New York City “relied on technology like never before” to make it through 2021, according to a year-end compilation from the Mayor’s Office of the Chief Technology Officer touting the agency’s recent accomplishments.
In his farewell announcement last week, New York City CTO John Paul Farmer shared his office’s annual impact report detailing the steps that the city took to expand broadband and research emerging technologies, including artificial intelligence and internet-connected infrastructure. The 26-page report divided the agency’s work into four pillars — digital services, universal broadband, inclusive innovation and emerging technologies — and highlighted the most important projects at Farmer’s office, including a $157 million investment in citywide broadband expansion.
That funding was part of an “Internet Master Plan” for the city to build new publicly-owned broadband infrastructure and to incentivize internet service providers to expand coverage, benefiting 1.6 million residents in the next three years, according to the report.
“These investments reversed digital redlining, engaged minority- and women-owned business enterprises in the economic growth of the industry,” the report read.
Farmer’s office also funded a series of public computer centers and “digital vans,” which served as on-the-go computer labs for residents to access digital literacy and programming education during the pandemic. The office also taught and graduated two classes of “innovation fellows” — technologists whom the city embedded in agencies to help solve problems using technology-centric strategies.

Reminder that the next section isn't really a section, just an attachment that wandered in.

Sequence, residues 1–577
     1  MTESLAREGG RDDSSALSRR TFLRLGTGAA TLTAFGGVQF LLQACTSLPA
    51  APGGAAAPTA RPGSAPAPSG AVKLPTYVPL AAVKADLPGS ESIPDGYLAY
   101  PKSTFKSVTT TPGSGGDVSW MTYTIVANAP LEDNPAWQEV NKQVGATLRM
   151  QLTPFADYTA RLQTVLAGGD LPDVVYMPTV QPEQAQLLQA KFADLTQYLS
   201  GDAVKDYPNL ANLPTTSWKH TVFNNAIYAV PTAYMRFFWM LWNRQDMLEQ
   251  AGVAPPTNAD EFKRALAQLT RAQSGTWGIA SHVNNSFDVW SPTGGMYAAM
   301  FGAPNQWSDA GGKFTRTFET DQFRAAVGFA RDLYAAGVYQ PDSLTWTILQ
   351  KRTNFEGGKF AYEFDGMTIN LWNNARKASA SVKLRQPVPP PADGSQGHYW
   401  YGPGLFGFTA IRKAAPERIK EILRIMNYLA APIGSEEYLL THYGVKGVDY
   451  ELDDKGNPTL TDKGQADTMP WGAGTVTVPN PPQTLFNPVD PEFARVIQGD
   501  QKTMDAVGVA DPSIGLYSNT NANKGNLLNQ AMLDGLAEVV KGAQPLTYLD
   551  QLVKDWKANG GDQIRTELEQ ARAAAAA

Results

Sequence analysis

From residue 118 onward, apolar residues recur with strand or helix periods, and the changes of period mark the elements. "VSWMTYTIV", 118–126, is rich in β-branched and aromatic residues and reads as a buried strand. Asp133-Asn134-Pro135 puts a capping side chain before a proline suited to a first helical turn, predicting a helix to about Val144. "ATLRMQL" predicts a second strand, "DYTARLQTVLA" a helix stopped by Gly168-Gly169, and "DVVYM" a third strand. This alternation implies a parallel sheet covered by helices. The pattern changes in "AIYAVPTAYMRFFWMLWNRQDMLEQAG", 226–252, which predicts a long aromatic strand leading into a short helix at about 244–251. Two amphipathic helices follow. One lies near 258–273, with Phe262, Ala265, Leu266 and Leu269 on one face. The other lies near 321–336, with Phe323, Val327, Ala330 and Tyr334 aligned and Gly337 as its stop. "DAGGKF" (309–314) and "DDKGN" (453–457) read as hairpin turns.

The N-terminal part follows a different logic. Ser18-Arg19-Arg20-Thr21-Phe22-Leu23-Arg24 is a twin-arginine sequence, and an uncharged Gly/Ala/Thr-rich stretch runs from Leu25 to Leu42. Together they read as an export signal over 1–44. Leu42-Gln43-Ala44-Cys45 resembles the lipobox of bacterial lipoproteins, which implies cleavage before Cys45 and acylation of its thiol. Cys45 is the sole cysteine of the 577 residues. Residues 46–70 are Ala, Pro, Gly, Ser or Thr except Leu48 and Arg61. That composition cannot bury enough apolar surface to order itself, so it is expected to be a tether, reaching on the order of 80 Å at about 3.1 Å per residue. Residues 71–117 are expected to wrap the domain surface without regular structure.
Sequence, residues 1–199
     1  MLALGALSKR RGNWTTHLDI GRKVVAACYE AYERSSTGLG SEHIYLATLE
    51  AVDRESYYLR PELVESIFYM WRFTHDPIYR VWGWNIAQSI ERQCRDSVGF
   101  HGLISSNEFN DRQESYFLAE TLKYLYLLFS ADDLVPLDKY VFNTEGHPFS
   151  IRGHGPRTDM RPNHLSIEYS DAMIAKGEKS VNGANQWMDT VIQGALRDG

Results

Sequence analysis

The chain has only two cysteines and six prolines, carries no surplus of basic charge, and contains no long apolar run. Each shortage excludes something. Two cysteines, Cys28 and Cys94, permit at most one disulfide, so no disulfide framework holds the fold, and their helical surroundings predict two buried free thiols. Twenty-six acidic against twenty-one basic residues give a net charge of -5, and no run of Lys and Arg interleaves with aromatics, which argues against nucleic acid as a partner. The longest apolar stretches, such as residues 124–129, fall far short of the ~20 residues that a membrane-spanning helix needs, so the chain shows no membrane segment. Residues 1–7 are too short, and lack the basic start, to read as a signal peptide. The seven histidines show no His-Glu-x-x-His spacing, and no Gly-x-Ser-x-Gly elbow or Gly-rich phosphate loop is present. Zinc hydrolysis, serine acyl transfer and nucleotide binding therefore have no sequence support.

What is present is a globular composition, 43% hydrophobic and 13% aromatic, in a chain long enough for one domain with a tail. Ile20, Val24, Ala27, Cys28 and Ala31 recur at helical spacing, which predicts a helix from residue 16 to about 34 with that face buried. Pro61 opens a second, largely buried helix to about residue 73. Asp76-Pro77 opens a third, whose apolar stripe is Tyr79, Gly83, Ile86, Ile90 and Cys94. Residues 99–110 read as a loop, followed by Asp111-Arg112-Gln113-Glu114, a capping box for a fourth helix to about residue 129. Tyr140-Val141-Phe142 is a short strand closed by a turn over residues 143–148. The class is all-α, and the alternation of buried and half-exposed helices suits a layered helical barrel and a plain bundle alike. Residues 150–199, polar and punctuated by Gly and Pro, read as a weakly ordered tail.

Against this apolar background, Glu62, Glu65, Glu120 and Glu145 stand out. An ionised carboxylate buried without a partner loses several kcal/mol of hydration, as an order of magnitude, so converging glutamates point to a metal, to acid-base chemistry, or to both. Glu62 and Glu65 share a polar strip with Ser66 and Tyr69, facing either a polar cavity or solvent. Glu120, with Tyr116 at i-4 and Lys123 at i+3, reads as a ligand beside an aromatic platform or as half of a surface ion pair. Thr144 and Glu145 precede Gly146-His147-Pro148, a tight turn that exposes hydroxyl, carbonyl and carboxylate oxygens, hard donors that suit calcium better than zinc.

Fellows placed in the Department of Finance helped develop an automated dashboard and conducted user research to improve the city’s permitting and fine-paying system, called CityPay. Another team assisted the Department for the Aging by building a service locator to help seniors find events and virtual programming.
Farmer’s office also launched several civic-tech challenges in 2021 aimed at making life easier for unbanked residents, mental-health patients and homeless people. The challenges sought applications from technologists and companies willing to work with the city to tailor their product to meet New Yorkers’ needs, in exchange for funding and a chance to pilot their technology.
The report predicted New York City will continue to build on its civic-tech progress next year, though it won’t be under Farmer, who’s leaving City Hall with outgoing Mayor Bill de Blasio and will be replaced by Mayor-elect Eric Adams’ pick for CTO, New York Police Department IT chief Matt Fraser.
“As the digital transformation of government and society writ large gains speed, it is critical to remember that our community holds in its power the ability to shape it,” the report read.